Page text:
HistoryA BIT OF HISTORY: "03JAN44--Patrol Squadron SEVENTEEN was commissioned at 1000 on January 3, 1944 at NAS Norfolk, Virginia; in accordance with CominCh Confidential letter 03974 of November 9, 1943; and ComAirLant letter of November 30, 1943. Lt. Comdr. Kenneth A. Kuehner, USNR, of Minster, Ohio, was designated as commanding officer of the squadron, which was temporarily based at Norfolk awaiting the assignment of officers, men and aircraft. At the time of commissioning six members of the squadron were on hand, the skipper, two other officers, and three enlisted men. On January 11th VP-17 was transferred to NAS Harvey Point, Hertford, North Carolina, for fitting out and shakedown training. The first airplane, a PBM-3D, was received on January 22nd and flight operations commenced on the 24th. As more pilots, crews and planes arrived, the training program increased progressively. The squadron remained at NAS Harvey Point, Hertford, North Carolina until the middle of April. From March 31st to April 9th a detachment of 11 crews under the command of Lt. jg Coyle was sent to Key West, Florida for training in anti-submarine warfare. About the middle of April the squadron moved by plane and rail to the West Coast. NAS Harvey Point, Hertford, North Carolina was a good operating area, although limited transportation and liberty did not make it the best area for personal enjoyment. As a result the squadron was pleased rather than annoyed by ComAirLant secret dispatch transferring it to ComFair Alameda, California. By April 24th VP-17 began its transfer to Alameda, via Eagle Mountain Lake, Texas and San Diego, California. En route to San Diego on May 3rd Lt. J. H. Dornbox and his crew were forced to parachute to safety near Palo Alto. The Squadron did not spend much time at Alameda. The first two planes departed NAS Kaneohe Bay, Pearl Harbor, Hawaii on April 30th. Lt. Swanson and Lt. Roberts being PPC's. Complete squadron transfer to Fleet Air Wing Two, however, was not completed until May 31st, which gave most of the squadron considerable time to enjoy the comforts of NAS Alameda, California and ample provisions for good liberty afforded in San Franciso and Oakland. At NAS Kaneohe Bay, Pearl Harbor, Hawaii for three months from June 1st to September 1st the squadron underwent intensive training in anti-submarine warfare, and completed final training in all phases of PBM operations. During this time VP-17 flew 117 operational patrols in the Hawaiian area. Conditions of living and recreation at NAS Kaneohe Bay, Pearl Harbor, Hawaii were fine for both officers and men. Operating conditions were very suitable although usual quirks were encountered of a minor nature, including a forced shallow water landing by Lt. Healy on July 25th causing minor hull damage, and one plan, Lt. Temple, PPC, running aground on a reef in Kaneohe Bay on August 1st. During the period June 1st to September 1st the squadron received two officers, one enlisted man, plus seven planes temporarily attached. Through transfers two officers and one plane were detached. Several weeks before departure to the forward area a squadron party was held on the beach near BOQ with ample supply of steaks, barbeque, baked beans and beer. A softball game between the officers and enlisted men was the highlight of the afternoon. On September 1st the Skipper leading 5 planes left Kanaohe for Ebeye, Kwajalein Atoll, in the Marshall Islands. This squadron movement was performed exactly as scheduled, 5 planes departing NAS Kaneohe Bay, Pearl Harbor, Hawaii each day for three days. The entire movement was completed without incident, which was considered more than satisfactory. This Movement to Task Force 59 at Ebeye was the transition point between training and action. The squadron was the last moving toward the forward area. On September 5th a 5 plane detachment was sent to Eniwetck for duty with VP-21 were it flew 11 negative searches and one photo reconnaissance hop over Wake Island. This detachment returned on the 13th receiving high praise for its work, the subject of a letter of commendation from the commanding officer VP-21 to ComAirPac. The Balance of the squadron meanwhile was awaiting orders to a more forward area. Lt. Coyle with a 3 plane section flew to Saipan on September 11th. A week later the remainder of the squadron transferred to Saipan and moved aboard the U. S. S. Hamlin (AV-15) in the outer harbor at Tenapag. While taking off from Ebeye Lt. Temple hit a submerged object, seriously damaging the hull of his plane. CASU 18 did a fine job in effecting emergency repairs so that the plane could be flown to NAS Kaneohe Bay, Pearl Harbor, Hawaii for replacement. Lt. Temple later rejoined the squadron at Saipan. Administration was moved to Saipan September 18th. At Tanapag the Squadron flew 34 search, 18 dumbo and 4 cargo missions. Included in these flights were hops to Iwo Jima and Chici. While on one of the cargo missions to Kossol Passage, Palau, Lt. W. R. Lasser sighted an enemy submarine, but Seventeen's first enemy sighting proved fruitless. Being on a cargo mission, Lt. Lasser was carrying no bombs or depth charges, therefore allowing the submarine to submerge unharmed. On October 1, 1944 Patrol Squadron SEVENTEEN had its designation changed to Patrol Bombing Squadron SEVENTEEN. The squadron moved from the U. S. S. Hamlin to the U. S. S. Curtis (AV-4) on October 6th and remained there for a week prior to departing for Ulithi Atoll in the Western Caroline Islands. On October 9th Lt. J. L. Leidecker took on advance detachment of six crews to Ulithi. Based on the USS Onslow (AVP-48) the detachment flew night anti-submarine patrols. When the balance of the squadron moved to Ulithi on October 13th it based aboard the U. S. S. Hamlin. Operations at Ulithi continued until December 24th and included just about everything in the books for PBM's. During this period SEVENTEEN flew 2,932 operational hours which comprised day and night anti-submarine patrols, convoy coverage, mail runs, photo-reconnaissance missions, transport flights, coverage for landing operations and Dubo missions. While at Ulithi VPB-17 encountered some of its more unusual experiences. On a night coverage flight, Lt. G. H. Gile lost 18 inches off one propeller blade and was forced to make a single engine open sea landing in high seas, (20 to 30 foot swells). His damaged plane was rescued by the U. S. S. ONSLOW and towed 250 miles back to Ulithi. One hundred and four nights and eighty day patrols, which included reconnaissance of Yap Island were flown in this period. One Japanese prisoner was taken during a mission covering landings on Ngulu. Escort flights consisted of 27 flights which included a flight by Lt. Whelan on December 15, plus flights on December 19th and December 21st by Lt. Comdr. Coyle and Lt. Temple on the U. S. S. Reno, U. S. S. Houston, and the U. S. S. CANBARRA, which had been damaged by the enemy action. Mail runs were made between Saipan, Palau, Ngulu and Ulithi and 4 Dumbo flights were flown to NAS Agana, Guam and Woleai. For five days beginning November 5th 13 planes were evacuated without incident to Saipan because of typhoon conditions at Ulithi. On December 24th, 25th, and 26th the squadron moved back to Tanapag Harbor Saipan, and base aboard the U. S. S. YAKULAT (AVP-32) until the U. S. S. HAMLIN arrived on the 29th. It remained at Saipen until January 19, 1945. During this period 3 ASP flights were flown daily for a total of 556 hours. All patrols flown were with negative results; so the squadron was pleased to receive FAW-1 orders transferring it to Kossol Roads, Palau. On January 20, 1945, 5 planes departed for Kossola Roads. Operations at Palau were conducted from the USS Kenneth Whiting (AV-14]. Thirty-six day searches and seven night anti-sub patrols were flown. Operating conditions at Kossol Roads were generally very poor due to extremely high seas. Many planes were damaged by boats and rough water take-offs. Lt. D. N. Brown of Ortonville, Minnesota lost a float and submerged his wing on a take-off in rough water. However, by exceptional skill he managed to get his plane airborne and later affected a safe landing. The excellent work and efficiency of the USS Kenneth Whiting (AV-14] saved one plane with a hole in her hull below the waterline. A plane already on the deck had to be put over the side before the damaged plane could be brought aboard - an excellent piece of work. On February 5th VPB-17 once again moved to Ulithi; this time to the U. S. S. CHANDLELEUR (AV-10) for inspection of planes, and then to the USS Kenneth Whiting (AV-14] which did the actual maintenance. From February 12th to 15th pursuant to ComAirPac orders the squadron moved to San Pedro Bay, Leyte, P.I., aboard the USS Currituck II (AV-7) . On February 20th the squadron moved to the U. S. S. SAN PABLO (AVP-30), after having sent a detachment of planes and crews to Lingayen. This Nucleus of the squadron remained aboard the U. S. S. SAN PABLO until March 31st and then moved ashore to NAB, Jinamoc for the first three weeks of April. While based in San Pedro Bay the squadron flew 165 missions totaling 934 hours. Sixteen airmen were rescued at sea and 110 persons were transported, including Lt. General Eichelberger, U.S.A., Commanding General 8th Army. Missions included photo reconnaissance, cargo flights, supplying guerillas, dumbo for army and marine air strikes, landing operations and air-sea rescue. There were also pre-invasions bombings of Iloilo, San Carlos, Panay, Zamboanga, Davoa and Malabang, Mindanao, Cebu-Negros, and Legaspi, Luzon by VPB-17. Squadron planes flew dumbo missions on the days of invasion of the above mentioned cities and islands also. On the second day of the invasion of Iloilo, Lt. Johnson lost an engine and was forced to land several miles north of Iloilo. An LST towed the plane to a safe area among invasion craft, where it was stripped of all salvageable parts and equipment and then sunk. Complete cooperation was given the crew by the landing craft officers and men present. There were several flights of interest and significance during this period which are worthy of mention.. Lt. J. A. Wallace of Alberta, Canada on February 19th made an open sea landing in swells of from 15 to 20 feet, off the southeast coast of Samar and picked up 1st Lt. Dan T. Doyle, 028241, and F4U pilot. The next day Lt. G. D. Mulford of Woodbury, New Jersey transported 1500 pounds of supplies to guerilla forces on Palawan and picked up Cpl. Elmo S. Deal, U. S. Army, who had been a prisoner of war since the fall of Corregidor. On the 22nd Lt. Alan Washinton, Nashville, Tennessee evacuated 14 battle casualties of the 182nd Infantry Division from Behind enemy lines near Allen on the northwest tip of Samar. At the same time blood plasma was delivered to the Army Medical Officer in command. Lt. D. N. Brown flew a photo reconnaissance hop over Jap held Ticao and Burias Islands off southwestern Luzon on the 26th of February. This flight was in preparation for a subsequent successful Army landing. On March 1st Lt. Comdr K. A. Kuehner, the squadron commander, and Lt. Wallace evacuated 2nd Lt. J. B. Lampe and his crew of 11 from a downed B-24 at Davao, Minanao. This mission, deep into enemy territory was completed without assistance of fighter cover. Lt. C. M. Nixon evacuated Major P. B. May, Commanding Officer Marine Fighting Squadron 211 and Major Teafilo Rivera, Regimental Commander of 130th Infantry Guerilla Force from the same location. Invaluable intelligence material was received form this guerilla leader. On March 26th Lt. Bouchard of Los Angeles flew two 8th Army Intelligence officers and Lt. General Eichelberger from headquarters to Cebu and returned the General on the 28th. When the Skipper and six crews went ashore on April 1st from the U. S. S. Pablo to Jinamoc Island to continue air-sea rescue operations it marked the first time since leaving NAS Kaneohe Bay, Pearl Harbor, Hawaii that any part of the Squadron was shore based despite undeveloped and limited facilities the squadron personnel thoroughly enjoyed the welcome change and the cooperation and facilities afforded by the CASU and ACORN 30. While the squadron was at San Pedro a detachment of 6 planes and 8 crews under Lt. Comdr. Coyle of Philadelphia, Pennsylvania was based at Lingayen Gulf, Luzon aboard the U. S. S. ORCA from February 14th until the middle of March when it moved by degrees to Puerta Princessa, Palawan aboard the USS Pocomoke (AV-9). Operations at Lingayen Gulf consisted of dumbo, air-sea rescue, evacuation, guerilla supply and photo reconnaissance flights, with primary emphasis on air-sea rescue. Of particular note was the rescue of February 20th by Lt. L. H. Roberts of Green County, Pennsylvania of two survivors of a ditched B-25 just south of North Island. He landed and took off in 30 knot winds with a cross swell running about 16 feet. On the 25th Lt. G. H. Gile of Milwaukee, Wisconsin and crew distinguished themselves by effecting two landings and take-offs 4 and 8 miles respectively from the southwest coast of Formosa. In the first landing Lt. Scott M. Alexander of a downed P-47 was rescued. On the second landing, although a wreckage of a P-51 was searched, the crew was unable to locate a survivor. Both landings and take-offs were made in 30 knot winds with 14 to 16 foot cross swells. Another flight of interest occurred on march 2nd when Lt. C. Mellerup, Cambridge, Massachusetts was called to the northwest coast of Formosa to pick up survivors of a downed B-25. After prolonged search he landed and rescued 2nd Lt. J. C. Discon, 2nd Lt. A. C. West and Sgt. D. D. Bowers of the 823rd Bombing Squadron. During his return flight Lt. Mellerup was tailed by an enemy fighter, but no attack was made. Field missions flown by this detachment included the delivery of supplies and scouts into unfriendly territory and evacuating wounded and other personnel from behind enemy lines. On May 9, 1945 the squadron received a letter from Walter Krueger, General, U. S. Army Commanding 6th Army commending them for the work of this detachment at Lingayen. With its work at Lingayen complete this detachment was transferred March 9th to 18th to Palawan where it flew searches in the South China Sea. On March 20th the squadron was augmented by its first two replacement crews. Recreation at Purta Princessa was excellent and the squadron had numerous baseball games and beer parties with the USS Pocomoke (AV-9) and the U. S. S. ORCA ship's company. On March 18th the squadron was disposed as follows: 6 planes on U. S. S. SAN PABLO, 3 planes at Jinamoc, 1 plane at Lingayen, 4 planes at Palawan. From this time forward until April 22nd the squadron crews and planes were shifted about detachments throughout this area. The month at Palawan went all too fast before the detachment received the call to rejoin the squadron and report to the U. S. S. TANGIER (AV-8) at Lingayen Gulf for Black Cat duty. On April 22nd the squadron moved from Jinamoc to Lingayen Gulf where it went aboard the U. S. S. TANGIER. From this time on until June 29th the primary mission of the squadron was night reconnaissance or Black Catting along the China Coast and the western coast of Formosa. This area was covered by two sectors, one extending from Swatow, China to Hainan, and east along the shipping lanes from Hainan Straits; the other from Hong Kong, to Foochow, China, to the northern tip of Formosa and along the western Formosa Coast. The direction in which the sectors were flown was determined by the most effective use of moonlight. These missions were flown to intercept enemy shipping which ventured under cover of darkness into the waters and bays of the China Sea. Flights took off from Lingayen Gulf with 2500 gallons of gasoline, four 250 pound and six 100 pound G. P. Bombs, 3400 rounds of .50 cal. Ammunition and six to eight 25 pound fragmentation bombs. Take-off time varied according to the hours of darkness, moonrise and prospective targets. It was always prior to darkness and flights returned after daylight on the following day. To insure that no flight would be delayed on take-off, all planes scheduled for flights and stand-by planes were water-tested every day in advance of departure time. The doctrine set forth for Black Cat missions was "plenty rugged." The first consideration after take-off was gasoline. It was necessary to conserve in every possible way. Low power settings were used constantly. The only difference between the attack run and the cruise was that the engines were put into auto-rich when in range of enemy fire. The flight to target area was maintained at an altitude of 250 feet or less and, once over the target area, altitude many times was lowered to absolute minimum in order to effect undetected attacks on enemy strongholds. Radar served as the eyes of the plane, guiding it in between and over numerous protruding rocks and islands which lined the coast. Entries into bays and rivers were made on radar. The attack run was guided by radar, the target often remained invisible until illuminated by the plane's .50 cal. Tracers. Radar operators, whether they were ordiancemen, mechs, or radioman, were soon able to distinguish between rocks, junks and prospective targets. No matter how proficient the radar operator, or how good the radar, there were no substitutes for contact flight under a full moon. Flights were completed in darkness, in fog, or in moonlight. It was not the policy to cancel flights or return to base because of weather. Fronts were usually entered without a change of heading, but at low altitude to avoid turbulence. The entire crew was unconsciously under continual strain. During the two months of Black Cat operations VPB-17 worked a heavy schedule and achieved remarkably good results in destruction and damage inflicted upon the enemy, considering the curtailment of Japanese shipping between the East Indies and Japan. Although there were numerous creditable attacks, there were a few in particular that were especially worthy of mention. On the night of May 18 and 19 in the sector between Formosa and the China Coast Lt. Warren B. Lasser of Waterloo, Iowa attacked a five ship convoy totaling 17,000 tons and completely destroyed it. One Fox Tar Baker, One Fox Tar Charlie and two Sugar Charlies were sunk and one Fox Tare Baker left burning furiously. The following night Lt. E. H. Ross of Shelbyville, Tennessee sank one and left two remaining Sugar Charlies down by the stern and listing to port. On May 28th Lt.jg J. Centa of Barberton, Ohio sank a Sugar Charlie. On June 23-24 Lt.jg Willie F. Sander of Brenham, Texas scored a clean sweep when he destroyed a 200 foot M/V and two Sugar Charlies by bombing and strafing, and later on the same flight sank two 150 foot 3-masted schooners with a single bomb hit. In the way of retaliation the enemy did some damage during the squadron's career of Black Catting. On May 26th Lt.jg F. W. Forman, Baltimore, Maryland failed to return from a mission. It was not until July that it was found that his plane had been shot down. The only survivors were Lt. Forman of Baltimore, Maryland and his co-pilot, Ens. R. S. Bunge, East Hartford, Conn. They made there way to the China Coast and, on the basis of their evasion and escape knowledge, located friendly Chinese who evacuated them inland to Kunming. Those lost included Ens. A. Ligrani, (A1), USNR, 419577; Cass, W. S., AOM3c(T), USNR, 565 75 01; Shoemake, C. M., AMM1c, USN, 295 82 35; Suck, G. R., AOM3c, USNR, 664 52 93; White, R. D., ARM3c(T), USNR, 816 25 08. On May 30th Lt.jg V. B. Moore sighted seven schooners with probable destruction of five before he ran out of ammunition and bombs. Another example of the accuracy of Japanese AA fire was the plane brought back to the squadron the morning of June 6th. That PBM had 380 holes in the after end of the plane, but miraculously enough there were no injuries or casualties among the personnel. On June 22, Lt. Edward Harmeyer sank one Sugar Dog and two Barges. On the same night Lt.jg G. R. Hauser of Yorkville, New York sank a Fox Tare Charlie. On June 25th Lt.jg E. Peterson of Marquette, Michigan sank a Sugar Charlie. On the night of June 28th the squadron's last Black Cat Missions were flown. While Lt.jg James B. Nourse of Wocester, Massachusetts was attacking a PC off the Pescadores Islands, enemy fire wounded his Mech, W. F. Snyder, AMM3c, of Passaic, New Jersey in the foot. Thus ended VPB-17s night sorties against the enemy. While the squadron was busy Black Catting the USS Currituck II (AV-7) steamed into Lingayen Gulf on June 24th. The following day VPB SEVENTEEN left the U. S. S. TANGIER and moved aboard the USS Currituck II (AV-7) . On the 16th the Squadron's new commanding officer, Lt. Comdr. Leeds D. Cutter, USNR, reported to replace "Skipper" Kuehner. The change of command ceremonies took place on June 21st with the squadron present in the hanger of the USS Currituck II (AV-7) . On June 29th VPB-17 ended its Black Cat operations and started its movement to Tawi Tawi in the Sulu Archipelago, off the coast of Borneo. As the main flight to Tawi Tawi was leaving Lingayen on June 30th the squadron suffered it first serious known operational loss. A few minutes after take-off, Lt. Comdr. Cutter had both engines fail and crashed three miles inland from Dasol Bay.The plane caught fire and was completely destroyed. Ensign Stadtler and six enlisted men were killed. Lt. Comdr. Cutter, pilot, Ensign Jensen and three men were badly burned. A few minutes later Lt. L. D. Hicks, USN, also had both engines of his PBM cut out but was fortunate in being able to reach Dasol Bay where he made a skillful landing without injury to anyone. Upon examination and investigation it was found that Lt. Hicks engine failure was caused by the presence of salt water in the gas tanks. It is presumed that Lt. Comdr. Cutter crash resulted from the same cause. With the exception of the crews involved in the emergency landings at Dasol Bay the squadron completed its transfer to the USS Pocomoke (AV-9) in Chongos Bay, Tawi Tawi between July 2nd and 4th. In the meantime while Black Catting was going on at Lingayen a detachment of three planes and crews headed by Lt. J. T. Whealan had been sent to Tawi Tawi on June 7th and had been augmented on the 14th by an additional three planes and crews. Although this detachment was originally based aboard the USS Pocomoke (AV-9), it moved to the U. S. S. HALF MOON (AVP-26) on the 11th where it remained until July 5th at which time it rejoined the squadron on the USS Pocomoke (AV-9). Operations at Tawi Tawi consisting almost entirely of anti-submarine patrols continued throughout July and August until VPB-17 was relieved of operational duties by VPB-25 on August 21st. Most of the ASP's were of a dull routine nature and all had negative results. Barrier patrols covering the Brunei and Balikpapah landings lent a spark of excitement, however, in an otherwise uninteresting operation. The searches or patrols from Tawi Tawi covered the convoy shipping lanes between Morotai and Borneo and extended south through Macassar Straits to the southern tip of the Celebes and Borneo. The Tawi Tawi operation provided the only submarine attack made by a plane of Patrol Bombing Squadron SEVENTEEN. On June 17th, 1945 Lt. J. T. Whelan, USNR of Rocky River, Ohio made a run on a RO class Japanese submarine and was credited with a class A attack and probable destruction of the enemy. On June 21st Lt. jg C. D. Heitert, while returning from a patrol through Macassar Straits heard a distress transmission and on his own initiative located and rescued Lt. Ferguson, U.S.A., and 10 survivors of a ditched Liberator attached to the 380th Bomber Group. Another air-sea rescue incident took place when Lt.jg W. O. Phillips of Easr Akron, Ohio and his crew sighted a survivor on a life raft west of Morotai. Lt.jg Phillips contacted a destroyer of a nearby convoy and directed it to the location of the survivor. Meanwhile two more life rafts were detected. As a result of this cooperation between air and surface craft Lt. Callison and four other members of an RAAF Liberator crew were rescued. In addition to anti-submarine patrols VPB-17 flew several missions at the request of in cooperation with Allied Intelligence Bureau. Most of these flights were of a transportation nature, carrying supplies and personnel from Morotai to guerilla groups on the coast of North Borneo. Capt. Chipper of the Australian Army often participated in these flights and was extremely helpful in supplying information about such places as Semporna, Labuan Island and Marudu Bay. Toward the end of the war in late July and early August these flights were made all the more interesting by the evacuation of prisoners of war who had been held captive by the Japanese in North Borneo." Contributed by Thomas Edwin Russell tompbm@aol.com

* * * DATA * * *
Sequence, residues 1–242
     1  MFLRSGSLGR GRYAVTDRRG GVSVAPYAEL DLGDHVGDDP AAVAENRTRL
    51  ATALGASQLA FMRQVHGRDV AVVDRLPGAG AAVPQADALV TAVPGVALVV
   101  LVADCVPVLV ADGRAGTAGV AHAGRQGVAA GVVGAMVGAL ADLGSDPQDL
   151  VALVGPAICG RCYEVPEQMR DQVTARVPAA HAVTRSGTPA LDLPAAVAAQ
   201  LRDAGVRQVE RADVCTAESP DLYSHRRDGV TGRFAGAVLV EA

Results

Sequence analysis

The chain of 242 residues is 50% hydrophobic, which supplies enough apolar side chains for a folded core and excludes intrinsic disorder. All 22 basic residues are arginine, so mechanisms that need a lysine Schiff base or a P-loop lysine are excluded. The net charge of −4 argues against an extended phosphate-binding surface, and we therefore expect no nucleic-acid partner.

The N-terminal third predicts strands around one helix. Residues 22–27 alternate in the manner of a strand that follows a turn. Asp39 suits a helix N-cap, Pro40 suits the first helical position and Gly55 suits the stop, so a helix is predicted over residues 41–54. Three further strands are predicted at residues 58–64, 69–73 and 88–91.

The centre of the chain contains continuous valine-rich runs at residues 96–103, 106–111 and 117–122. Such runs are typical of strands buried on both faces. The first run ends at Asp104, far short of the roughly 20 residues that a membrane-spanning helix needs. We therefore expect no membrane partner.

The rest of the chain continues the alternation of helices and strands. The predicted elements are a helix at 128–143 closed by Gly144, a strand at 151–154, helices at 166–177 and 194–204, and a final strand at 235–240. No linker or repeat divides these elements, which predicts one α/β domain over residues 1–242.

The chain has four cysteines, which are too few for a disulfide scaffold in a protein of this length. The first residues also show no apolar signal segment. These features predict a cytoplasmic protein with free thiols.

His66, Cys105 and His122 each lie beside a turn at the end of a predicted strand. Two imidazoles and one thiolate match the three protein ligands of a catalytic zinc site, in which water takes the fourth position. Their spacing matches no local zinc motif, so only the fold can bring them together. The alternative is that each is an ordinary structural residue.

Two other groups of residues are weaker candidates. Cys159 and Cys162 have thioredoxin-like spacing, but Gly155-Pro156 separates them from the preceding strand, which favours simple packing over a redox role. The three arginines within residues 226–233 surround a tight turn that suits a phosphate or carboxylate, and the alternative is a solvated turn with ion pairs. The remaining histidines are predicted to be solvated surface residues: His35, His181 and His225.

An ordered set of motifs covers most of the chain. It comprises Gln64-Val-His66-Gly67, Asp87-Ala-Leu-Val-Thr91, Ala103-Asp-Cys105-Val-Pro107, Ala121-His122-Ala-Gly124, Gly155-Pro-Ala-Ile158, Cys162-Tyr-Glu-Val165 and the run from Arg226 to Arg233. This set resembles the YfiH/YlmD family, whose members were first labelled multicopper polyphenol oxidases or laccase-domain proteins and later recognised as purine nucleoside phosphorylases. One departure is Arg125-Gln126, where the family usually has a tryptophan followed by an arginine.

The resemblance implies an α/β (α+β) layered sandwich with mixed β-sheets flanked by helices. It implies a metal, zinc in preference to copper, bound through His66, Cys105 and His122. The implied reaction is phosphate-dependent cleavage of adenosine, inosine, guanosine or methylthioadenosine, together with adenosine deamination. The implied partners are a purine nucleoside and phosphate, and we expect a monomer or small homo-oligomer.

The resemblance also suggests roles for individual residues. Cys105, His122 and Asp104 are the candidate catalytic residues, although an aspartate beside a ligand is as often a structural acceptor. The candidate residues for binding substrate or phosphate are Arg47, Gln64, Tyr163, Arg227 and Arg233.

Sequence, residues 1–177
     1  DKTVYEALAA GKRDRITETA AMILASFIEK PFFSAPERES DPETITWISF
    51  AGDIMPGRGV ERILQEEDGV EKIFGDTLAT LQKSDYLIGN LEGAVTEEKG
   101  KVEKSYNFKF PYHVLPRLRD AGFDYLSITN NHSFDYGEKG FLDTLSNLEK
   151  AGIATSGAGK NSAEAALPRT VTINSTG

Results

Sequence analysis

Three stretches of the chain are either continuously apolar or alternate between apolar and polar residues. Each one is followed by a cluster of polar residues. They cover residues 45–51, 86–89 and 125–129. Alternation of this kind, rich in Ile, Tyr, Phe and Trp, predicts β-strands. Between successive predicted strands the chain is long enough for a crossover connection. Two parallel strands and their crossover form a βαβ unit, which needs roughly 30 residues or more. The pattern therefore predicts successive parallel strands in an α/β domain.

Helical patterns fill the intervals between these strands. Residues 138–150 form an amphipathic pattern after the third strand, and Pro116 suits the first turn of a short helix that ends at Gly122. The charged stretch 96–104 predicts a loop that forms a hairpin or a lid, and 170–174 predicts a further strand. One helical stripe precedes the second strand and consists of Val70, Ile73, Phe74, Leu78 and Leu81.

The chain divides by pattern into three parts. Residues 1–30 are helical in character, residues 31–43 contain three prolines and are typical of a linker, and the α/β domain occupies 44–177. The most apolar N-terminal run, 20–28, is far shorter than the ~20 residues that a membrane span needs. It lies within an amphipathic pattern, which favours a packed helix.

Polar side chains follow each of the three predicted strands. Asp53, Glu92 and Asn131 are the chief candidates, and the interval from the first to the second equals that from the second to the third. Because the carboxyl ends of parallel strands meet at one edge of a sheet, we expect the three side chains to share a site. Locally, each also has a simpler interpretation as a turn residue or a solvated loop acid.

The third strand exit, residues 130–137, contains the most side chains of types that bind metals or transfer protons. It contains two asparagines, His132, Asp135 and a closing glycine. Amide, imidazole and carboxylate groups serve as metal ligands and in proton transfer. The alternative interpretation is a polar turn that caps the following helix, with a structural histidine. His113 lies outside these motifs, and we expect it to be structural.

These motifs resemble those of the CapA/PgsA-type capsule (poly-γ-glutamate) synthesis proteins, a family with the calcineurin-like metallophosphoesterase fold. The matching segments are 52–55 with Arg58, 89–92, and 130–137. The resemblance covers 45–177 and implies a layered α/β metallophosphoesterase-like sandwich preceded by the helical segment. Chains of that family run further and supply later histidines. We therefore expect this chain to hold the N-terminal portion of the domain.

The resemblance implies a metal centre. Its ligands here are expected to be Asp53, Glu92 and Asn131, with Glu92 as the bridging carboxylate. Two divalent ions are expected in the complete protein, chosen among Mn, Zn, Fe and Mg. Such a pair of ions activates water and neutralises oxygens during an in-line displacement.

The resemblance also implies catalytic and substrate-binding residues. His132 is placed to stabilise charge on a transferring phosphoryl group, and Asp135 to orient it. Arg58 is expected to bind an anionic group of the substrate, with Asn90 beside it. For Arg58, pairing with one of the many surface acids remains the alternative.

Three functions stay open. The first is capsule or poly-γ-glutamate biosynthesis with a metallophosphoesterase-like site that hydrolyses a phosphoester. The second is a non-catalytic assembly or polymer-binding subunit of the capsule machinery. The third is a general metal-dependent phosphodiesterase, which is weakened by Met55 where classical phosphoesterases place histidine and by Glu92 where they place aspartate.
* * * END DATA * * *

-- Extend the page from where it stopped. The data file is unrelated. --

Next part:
UPDATE "...My name is William Cass. I wrote a poem in memory of my great uncle who was killed on patrol in a PBM on May 25, 1945. I have attached a poem about the Purple Heart his mother received.. William Cass wscass69@speakeasy.org..." [Crew Added 09DEC2001 | 01DEC2001]